The LEED for Homes Rating System provides a basis for quantifying the benefits of green homes, thereby facilitating the widespread construction of more sustainable homes. One of the first steps in planning a LEED home is to adjust the certification thresholds based on the material and energy impacts. All else being equal, a large home consumes more materials and energy than a small home over its lifecycle. LEED compensates for these impacts by adjusting the thresholds for each award level. Thresholds for smaller-than-average homes are lowered, and thresholds for larger-than-average homes are raised. This home's threshold for LEED Gold is 72 points. A 4,500-sq.-ft. home with five bedrooms would be about 85 points. The Nelson/Doench home at 2,300 sq. ft. and four bedrooms is average.
In the end, the homeowner will have a well built and third-party certified home. Passing the blower door test alone is significant. Blower door tests are used to prove the air sealing quality of the construction. During the test the home is depressurized to -50 Pascal and measurements are recorded throughout the home to verify that outside air isn’t leaking into the home at a rate higher than required. It proves the home won’t be drafty and uncomfortable. Contrary to those builders who tell home owners that homes need to breathe for fresh air, it is much better to control the ventilation rather than allowing shoddy construction of leaky vapor barriers to supply fresh air to the home.
The LEED Certification system is broadly categorized into five equally important parts that demonstrate measurable environmental benefits: Site, Water, Energy, Materials, and Indoor Environment Quality. The following is a review of the features of this home according to the LEED for Homes system.
Prerequisites include building above the 100-year floodplain, not habitat for endangered species, built no closer than 100 feet to water or wetlands, land that wasn’t a public park and land that doesn’t have prime, unique or soils of state significance. Excavated topsoil was reused; runoff was controlled, so it didn’t contaminate storm water sewers or erode hillsides.
The Location and Linkages category credits include benefits for locating the home in a walkable neighborhood demonstrated by having at least seven basic community resources within ½ mile. This home achieved exemplary performance for having 28 basic community resources within 1.2 miles, such as arts and entertainment center, bank, convenient store, daycare, fire station, cleaner, library, pharmacy, places of worship and schools. The highly desired urban location encourages walking, physical activity, and time spent outdoors.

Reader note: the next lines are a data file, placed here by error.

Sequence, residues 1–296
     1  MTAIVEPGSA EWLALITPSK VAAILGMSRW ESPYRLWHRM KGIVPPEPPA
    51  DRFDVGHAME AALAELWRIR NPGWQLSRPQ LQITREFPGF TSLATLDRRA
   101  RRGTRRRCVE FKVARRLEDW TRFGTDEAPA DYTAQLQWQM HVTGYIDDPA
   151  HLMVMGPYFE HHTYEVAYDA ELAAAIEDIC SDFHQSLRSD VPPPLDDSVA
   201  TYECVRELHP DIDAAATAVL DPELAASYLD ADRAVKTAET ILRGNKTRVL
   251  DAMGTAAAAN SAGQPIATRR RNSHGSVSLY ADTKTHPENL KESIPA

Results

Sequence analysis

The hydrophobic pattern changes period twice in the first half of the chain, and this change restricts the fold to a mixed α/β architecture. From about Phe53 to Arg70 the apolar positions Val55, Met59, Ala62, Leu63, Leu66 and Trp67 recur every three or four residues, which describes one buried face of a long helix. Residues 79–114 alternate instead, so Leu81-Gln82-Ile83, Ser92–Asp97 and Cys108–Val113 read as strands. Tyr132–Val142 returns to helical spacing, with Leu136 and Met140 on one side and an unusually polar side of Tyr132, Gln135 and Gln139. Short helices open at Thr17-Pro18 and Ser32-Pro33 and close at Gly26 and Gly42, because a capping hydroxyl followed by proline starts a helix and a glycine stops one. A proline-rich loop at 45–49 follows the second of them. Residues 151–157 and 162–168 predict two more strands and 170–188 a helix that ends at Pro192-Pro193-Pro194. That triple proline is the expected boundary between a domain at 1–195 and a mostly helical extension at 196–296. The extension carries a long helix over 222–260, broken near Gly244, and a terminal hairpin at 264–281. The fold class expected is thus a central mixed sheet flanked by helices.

The Sustainable Sites category of credits includes landscaping, which Naomi designed, includes non-conventional turf by using Turpin Farms 1785 mix and 97% drought tolerant plants such as Russian sage, lavender, black-eyed susan, hellebore, hosta and arborvitae. Since the provision and distribution of potable water is costly and energy intensive, particularly during dry periods, a more sensible strategy is to design landscaping that requires less potable water.
Energy and atmosphere benefits feature a Home Energy Rating System (HERS) analysis verification of the energy efficiency of the home. They are hoping for a rating of around 35, which will mean that their home is 65% more efficient than a typical home in Cincinnati. No ozone damaging HCFC refrigerants are used in the air conditioning system. Hot water lines were insulated to a minimum of R4. Structural Insulated Panels (SIP) of R48 were used for the roof, R38 is required by code. The 2x6 walls are R21.
Indoor environmental quality includes no unvented combustion appliances, space or water heating equipment. The Nelson home uses a tankless water heater. Prerequisites included bathroom and kitchen exhausts meeting ASHRAE Standard 62.2 airflow requirements, air is exhausted to outdoors with an Energy Star labeled bathroom exhaust. Contaminant control includes design for shoe removal and storage space near the primary entryway.
Awareness and education requirements include this article as part of the LEED Certification. It will be published online at Green Cincinnati Education
Lou Doench and Naomi Nelson
Advocacy and the local USGBC’s Chapter site once certified. LEED Signage was posted on the site. The homeowners will receive an operator and training manual as well as a one-hour walkthrough.
“LEED is a more rigorous Green Home standard,” says Kingsley, “which requires third-party testing and isn’t just a requirement to use specific materials.” The additional five-year tax abatement offered by the city of Cincinnati is the deciding factor for many homes.
‘We’re looking forward to moving in and growing with the landscape as the icing on the cake of our 'industrial chic' home that reminds us of the OTR urban loft we loved so much before moving to Northside,” Naomi said.
The article was written to achieve the LEED Education and Publicity Credit for Homes. Chuck Lohre is president of Lohre & Associates Marketing Communications and a LEED AP ID+C. The company operates from a LEED Platinum certified building in Cincinnati.
Read more about green home certifications.
Companies: U.S. Green Building Council